Stories

The IRE Resource Center is a major research library containing more than 27,000 investigative stories.

Most of our stories are not available for download but can be easily ordered by contacting the Resource Center directly at 573-882-3364 or rescntr@ire.org where a researcher can help you pinpoint what you need.

Search results for "racial discrimination" ...

  • Policing in America: Five Years after Ferguson

    CBS News’ “Policing in America: Five Years After Ferguson” is a first-of-its-kind investigation into changes that police departments across America say they're making regarding race and policing since the shooting death of Michael Brown and subsequent protests and unrest in Ferguson, Missouri five years ago.
  • Reveal: Kept Out

    Fifty years ago, the Fair Housing Act banned government-sponsored racial discrimination in mortgage lending, known as redlining. But black and Latino borrowers continue to be routinely denied conventional mortgages at rates far higher than their white counterparts. Kept Out, a multi-platform investigation by Reveal from The Center for Investigative Reporting, is based on a yearlong analysis of 31 million mortgage records. Reveal found this modern-day redlining in 61 metro areas, even when people of color make the same amount of money, take on the same amount of debt and look to live in a similar neighborhood as white borrowers.
  • Kept Out

    Fifty years ago, the Fair Housing Act banned government-sponsored racial discrimination in mortgage lending, known as redlining. But black and Latino borrowers continue to be routinely denied conventional mortgages at rates far higher than their white counterparts. Kept Out, a multi-platform investigation by Reveal from The Center for Investigative Reporting, is based on a yearlong analysis of 31 million mortgage records. Reveal found this modern-day redlining in 61 metro areas, even when people of color make the same amount of money, take on the same amount of debt and look to live in a similar neighborhood as white borrowers.
  • Driven Into Debt

    This ongoing series of stories — which started at ProPublica Illinois and later was produced in collaboration with WBEZ — exposed how the city of Chicago’s aggressive and unequal ticketing practices, combined with punitive collections measures, have pushed tens of thousands of mostly black motorists into Chapter 13 bankruptcy. The stories have also examined Chicago’s cottage industry of bankruptcy attorneys who profit off consumers with ticket debt, even as their clients often sink even deeper into debt; the racially disparate consequences of license suspensions for unpaid tickets; and an ill-fated decision to hike the price of what was already one of the most expensive tickets in the city.
  • MU's Asian students reluctant to report episodes of discrimination, racism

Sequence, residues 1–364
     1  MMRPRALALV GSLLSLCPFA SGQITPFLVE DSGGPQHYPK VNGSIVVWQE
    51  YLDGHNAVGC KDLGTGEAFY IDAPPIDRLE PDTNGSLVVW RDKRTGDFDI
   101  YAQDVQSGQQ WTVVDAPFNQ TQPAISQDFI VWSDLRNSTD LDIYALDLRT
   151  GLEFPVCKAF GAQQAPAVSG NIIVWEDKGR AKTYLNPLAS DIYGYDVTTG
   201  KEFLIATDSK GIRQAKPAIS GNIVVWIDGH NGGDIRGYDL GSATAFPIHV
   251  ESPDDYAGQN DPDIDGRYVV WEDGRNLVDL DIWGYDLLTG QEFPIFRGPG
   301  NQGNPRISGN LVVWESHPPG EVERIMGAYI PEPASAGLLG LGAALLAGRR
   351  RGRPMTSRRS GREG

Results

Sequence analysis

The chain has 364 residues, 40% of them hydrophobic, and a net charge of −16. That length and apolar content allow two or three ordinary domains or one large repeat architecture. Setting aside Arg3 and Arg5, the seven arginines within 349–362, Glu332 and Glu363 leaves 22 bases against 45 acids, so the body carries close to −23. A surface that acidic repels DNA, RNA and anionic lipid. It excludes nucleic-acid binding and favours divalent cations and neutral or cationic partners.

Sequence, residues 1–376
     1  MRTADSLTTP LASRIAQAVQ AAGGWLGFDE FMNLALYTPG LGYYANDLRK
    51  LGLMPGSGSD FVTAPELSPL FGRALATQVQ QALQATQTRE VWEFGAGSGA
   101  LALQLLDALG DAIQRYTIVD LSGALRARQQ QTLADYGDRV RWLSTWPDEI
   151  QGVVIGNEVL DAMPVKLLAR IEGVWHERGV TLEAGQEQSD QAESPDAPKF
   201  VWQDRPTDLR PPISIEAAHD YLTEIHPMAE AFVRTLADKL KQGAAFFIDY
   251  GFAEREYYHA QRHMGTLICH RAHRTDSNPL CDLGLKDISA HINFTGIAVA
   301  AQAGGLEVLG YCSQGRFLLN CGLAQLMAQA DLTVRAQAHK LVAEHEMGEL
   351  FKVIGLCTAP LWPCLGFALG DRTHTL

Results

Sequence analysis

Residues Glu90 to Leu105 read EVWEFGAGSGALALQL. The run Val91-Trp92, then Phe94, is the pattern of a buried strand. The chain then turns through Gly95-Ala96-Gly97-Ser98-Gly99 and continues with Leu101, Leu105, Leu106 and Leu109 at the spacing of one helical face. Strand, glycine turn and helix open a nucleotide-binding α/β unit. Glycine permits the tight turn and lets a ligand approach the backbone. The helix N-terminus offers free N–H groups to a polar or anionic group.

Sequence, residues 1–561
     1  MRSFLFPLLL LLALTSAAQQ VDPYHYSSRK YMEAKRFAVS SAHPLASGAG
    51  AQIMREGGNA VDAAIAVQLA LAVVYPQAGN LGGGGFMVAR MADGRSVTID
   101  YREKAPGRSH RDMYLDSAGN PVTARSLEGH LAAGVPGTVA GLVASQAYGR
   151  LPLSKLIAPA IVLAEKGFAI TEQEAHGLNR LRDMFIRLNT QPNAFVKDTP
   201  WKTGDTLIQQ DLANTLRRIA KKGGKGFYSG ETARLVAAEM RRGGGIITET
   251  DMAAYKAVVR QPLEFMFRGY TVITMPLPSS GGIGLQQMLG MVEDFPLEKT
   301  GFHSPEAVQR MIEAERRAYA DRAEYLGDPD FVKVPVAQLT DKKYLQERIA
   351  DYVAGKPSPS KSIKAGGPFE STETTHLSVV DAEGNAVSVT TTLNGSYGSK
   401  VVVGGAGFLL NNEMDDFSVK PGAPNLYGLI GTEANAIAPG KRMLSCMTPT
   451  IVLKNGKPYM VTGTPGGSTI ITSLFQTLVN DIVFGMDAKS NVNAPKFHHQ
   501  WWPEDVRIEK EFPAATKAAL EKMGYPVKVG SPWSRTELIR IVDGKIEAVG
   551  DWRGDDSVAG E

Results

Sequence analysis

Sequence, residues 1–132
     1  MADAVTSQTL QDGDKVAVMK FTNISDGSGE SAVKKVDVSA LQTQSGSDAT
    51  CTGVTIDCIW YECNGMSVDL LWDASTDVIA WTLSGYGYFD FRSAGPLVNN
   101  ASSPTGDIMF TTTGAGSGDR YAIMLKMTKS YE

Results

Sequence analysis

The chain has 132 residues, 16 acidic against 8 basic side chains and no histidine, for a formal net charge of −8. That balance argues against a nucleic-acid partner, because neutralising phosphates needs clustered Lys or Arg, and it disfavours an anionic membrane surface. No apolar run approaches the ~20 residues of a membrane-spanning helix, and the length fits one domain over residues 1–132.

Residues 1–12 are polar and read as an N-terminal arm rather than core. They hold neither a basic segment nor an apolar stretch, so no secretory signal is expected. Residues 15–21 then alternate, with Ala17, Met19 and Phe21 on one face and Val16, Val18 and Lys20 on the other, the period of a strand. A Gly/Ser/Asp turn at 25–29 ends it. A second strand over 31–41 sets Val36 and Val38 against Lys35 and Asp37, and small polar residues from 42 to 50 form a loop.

The story is to reveal untold stories related to racial discrimination against MU's Asian students. While Na was speaking with more than 100 Asian students and several MU officials who were devising a diversity training that would be mandated for MU freshmen to take, he found several Asian students had undergone obvious racial mistreatment, but were not willing to report; and MU officials did not know of these racial instances suffered among MU Asian students.
  • Houston Texas Bus Safety

    This story looks at two bus crashes in Texas to determine how companies are regulated. It also looks at how Houston operators who cater to Hispanic, working-class passengers are allowed to operate, some illegally, despite poor safety records and questionable licensing.
  • Chicago Matters: Money matters

    These three series; "Chasing the Dream," Paycheck to Paycheck," and "Paper Bag Test," examined how money and financial matters affects different individuals and families around Chicago. "Chasing the Dream" revealed that whites earning less than $30,000 a year had a better chance of getting home loans than blacks earning more than $90,000 a year."Paycheck to Paycheck" revealed that thousands of families don't earn what they need just to meet their basic expenses. "Paper Bag Test" showed that the major retailers have three times the number of outlets in the predominantly white areas of Chicago than in the predominantly black areas.
  • DWP Files

    This series of stories on LA's Department of Water and Power, the nations' largest municipal utility, follows up on Anderson's report last year about racial discrimination at the utility company. He reports on price gouging by suppliers; dysfunctional management and extortion by the unions; whistleblowers being fired; shoddy workmanship and cost overruns.
  • Striking Differences

    This team of reporters spent two years gathering and analyzing jury data from felony court trials to see if racial discrimination still played a key role in jury selection. The investigation found that prosecutors tend to reject African-American jurors, while defense attorneys tended to retain them. Consequently, the number of African-Americans serving on juries in Dallas more or less mirrored the breakdown of the population.
  • Out of the Mainstream: Black students likelier to be put in special ed than whites, data show

    This article shows how, both nationally and in Dallas, minority students are more likely than white students to end up in Special Education classes. "Many teachers and principals say special education helps disadvantaged children catch up with their peers. But some parents and civil rights leaders say minority children get separated from the mainstream and often do not return." This articles examines the numbers and then looks at possible reasons for the discrepancy.